The Neolithics and Their Castoffs

Arrows as a work of art? Or are they just tools?

An Iron Age tunic is amongst the discoveries found under melting snow on Norwegian mountains. 

Other findings include Neolithic arrows and bow fragments, thought to be about 6000 years old. 

Snow on the Norwegian mountains, and elsewhere, is rapidly melting due to climate change, which is now unveiling a world of well preserved new discoveries.
The findings are published in two papers in the journal Antiquity.

"The new find is of great significance for dress and textile production and how these reflect the interplay between northern Europe and the Roman world," said Marianne Vedeler from the University of Oslo, Norway, who analysed the garment.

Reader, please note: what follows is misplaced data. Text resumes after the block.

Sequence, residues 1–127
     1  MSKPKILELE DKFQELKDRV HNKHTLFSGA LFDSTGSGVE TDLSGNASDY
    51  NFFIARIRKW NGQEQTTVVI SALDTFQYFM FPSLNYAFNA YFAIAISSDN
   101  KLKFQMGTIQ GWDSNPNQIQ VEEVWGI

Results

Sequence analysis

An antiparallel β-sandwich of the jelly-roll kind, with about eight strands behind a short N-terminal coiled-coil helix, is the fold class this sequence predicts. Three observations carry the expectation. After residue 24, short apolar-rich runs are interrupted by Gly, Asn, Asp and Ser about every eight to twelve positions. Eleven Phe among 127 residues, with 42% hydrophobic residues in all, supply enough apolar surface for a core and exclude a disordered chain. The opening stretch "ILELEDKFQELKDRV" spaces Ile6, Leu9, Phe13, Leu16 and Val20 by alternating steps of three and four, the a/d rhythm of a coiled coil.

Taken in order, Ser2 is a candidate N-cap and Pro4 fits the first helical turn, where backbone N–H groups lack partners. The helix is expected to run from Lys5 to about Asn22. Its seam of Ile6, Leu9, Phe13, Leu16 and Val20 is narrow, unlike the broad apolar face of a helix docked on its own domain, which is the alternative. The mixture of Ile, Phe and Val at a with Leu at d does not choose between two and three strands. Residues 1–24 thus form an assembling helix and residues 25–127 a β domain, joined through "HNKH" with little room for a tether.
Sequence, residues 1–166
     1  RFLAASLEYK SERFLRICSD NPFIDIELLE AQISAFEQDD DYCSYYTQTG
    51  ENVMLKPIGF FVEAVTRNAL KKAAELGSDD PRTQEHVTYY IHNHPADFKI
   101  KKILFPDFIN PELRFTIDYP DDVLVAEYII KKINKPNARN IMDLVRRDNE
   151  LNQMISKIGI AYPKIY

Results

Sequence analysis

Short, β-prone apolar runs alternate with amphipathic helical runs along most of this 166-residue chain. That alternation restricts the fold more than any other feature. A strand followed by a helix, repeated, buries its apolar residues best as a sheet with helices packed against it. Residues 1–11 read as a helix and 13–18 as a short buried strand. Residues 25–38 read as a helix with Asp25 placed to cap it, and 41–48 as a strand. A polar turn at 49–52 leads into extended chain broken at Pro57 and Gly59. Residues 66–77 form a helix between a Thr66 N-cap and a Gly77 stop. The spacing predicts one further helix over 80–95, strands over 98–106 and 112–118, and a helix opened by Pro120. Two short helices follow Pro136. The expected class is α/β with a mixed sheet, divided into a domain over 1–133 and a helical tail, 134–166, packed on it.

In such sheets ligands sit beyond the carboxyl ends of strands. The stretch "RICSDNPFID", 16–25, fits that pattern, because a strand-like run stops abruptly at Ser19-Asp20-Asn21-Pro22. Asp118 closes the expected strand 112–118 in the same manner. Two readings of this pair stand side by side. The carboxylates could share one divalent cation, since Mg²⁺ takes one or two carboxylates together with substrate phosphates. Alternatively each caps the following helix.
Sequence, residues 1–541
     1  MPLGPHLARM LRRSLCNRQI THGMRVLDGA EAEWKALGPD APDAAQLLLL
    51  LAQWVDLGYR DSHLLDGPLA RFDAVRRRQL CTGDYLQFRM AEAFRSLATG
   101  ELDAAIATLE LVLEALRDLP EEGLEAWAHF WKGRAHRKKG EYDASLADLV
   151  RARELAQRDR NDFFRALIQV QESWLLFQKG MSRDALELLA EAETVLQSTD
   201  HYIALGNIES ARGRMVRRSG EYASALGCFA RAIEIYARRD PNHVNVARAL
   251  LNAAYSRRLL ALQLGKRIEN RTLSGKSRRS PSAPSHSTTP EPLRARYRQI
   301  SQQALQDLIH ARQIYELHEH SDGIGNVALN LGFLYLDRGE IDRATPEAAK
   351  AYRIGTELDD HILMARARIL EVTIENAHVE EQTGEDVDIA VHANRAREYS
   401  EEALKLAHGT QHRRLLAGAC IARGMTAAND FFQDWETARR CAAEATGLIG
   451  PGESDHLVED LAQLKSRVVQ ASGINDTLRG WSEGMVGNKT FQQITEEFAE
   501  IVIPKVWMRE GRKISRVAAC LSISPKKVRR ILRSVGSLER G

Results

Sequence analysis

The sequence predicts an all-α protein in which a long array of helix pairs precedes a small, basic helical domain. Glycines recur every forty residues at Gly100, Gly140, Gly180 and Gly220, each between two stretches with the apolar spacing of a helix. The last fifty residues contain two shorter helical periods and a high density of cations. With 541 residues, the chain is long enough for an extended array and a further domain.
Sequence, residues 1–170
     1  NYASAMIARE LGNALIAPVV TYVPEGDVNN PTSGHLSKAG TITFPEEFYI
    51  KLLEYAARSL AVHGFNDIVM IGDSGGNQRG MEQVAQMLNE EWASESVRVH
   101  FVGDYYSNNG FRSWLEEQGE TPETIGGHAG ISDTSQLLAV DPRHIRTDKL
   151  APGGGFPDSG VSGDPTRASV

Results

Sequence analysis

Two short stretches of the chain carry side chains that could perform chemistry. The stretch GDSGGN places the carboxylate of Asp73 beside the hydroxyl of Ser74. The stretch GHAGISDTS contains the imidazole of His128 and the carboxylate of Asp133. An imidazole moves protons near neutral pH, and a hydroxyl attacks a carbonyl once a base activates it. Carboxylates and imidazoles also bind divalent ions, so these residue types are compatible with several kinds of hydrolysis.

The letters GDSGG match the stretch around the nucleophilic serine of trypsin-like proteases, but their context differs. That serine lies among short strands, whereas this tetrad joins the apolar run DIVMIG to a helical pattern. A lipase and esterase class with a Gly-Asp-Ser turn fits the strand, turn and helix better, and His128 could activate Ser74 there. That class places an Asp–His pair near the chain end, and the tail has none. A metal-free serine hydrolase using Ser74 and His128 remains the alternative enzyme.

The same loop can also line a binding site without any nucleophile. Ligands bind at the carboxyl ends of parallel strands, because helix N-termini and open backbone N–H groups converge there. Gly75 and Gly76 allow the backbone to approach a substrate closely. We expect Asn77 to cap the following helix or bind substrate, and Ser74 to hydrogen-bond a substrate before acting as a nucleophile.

What about this tunic?

I think that, as these artifacts begin to appear (thanks to the melting glaciers), we will find a slew of things that have been preserved in a way that will give us clues as to what they were used for and what they meant to the people that dropped or discarded them. If a person is in a life or death situation, do they hang on to talismans and symbolic items or do they hang on to functional and practical items?

It would be great to find out what that might mean to our understanding of neolithic cultures.

No comments:

Post a Comment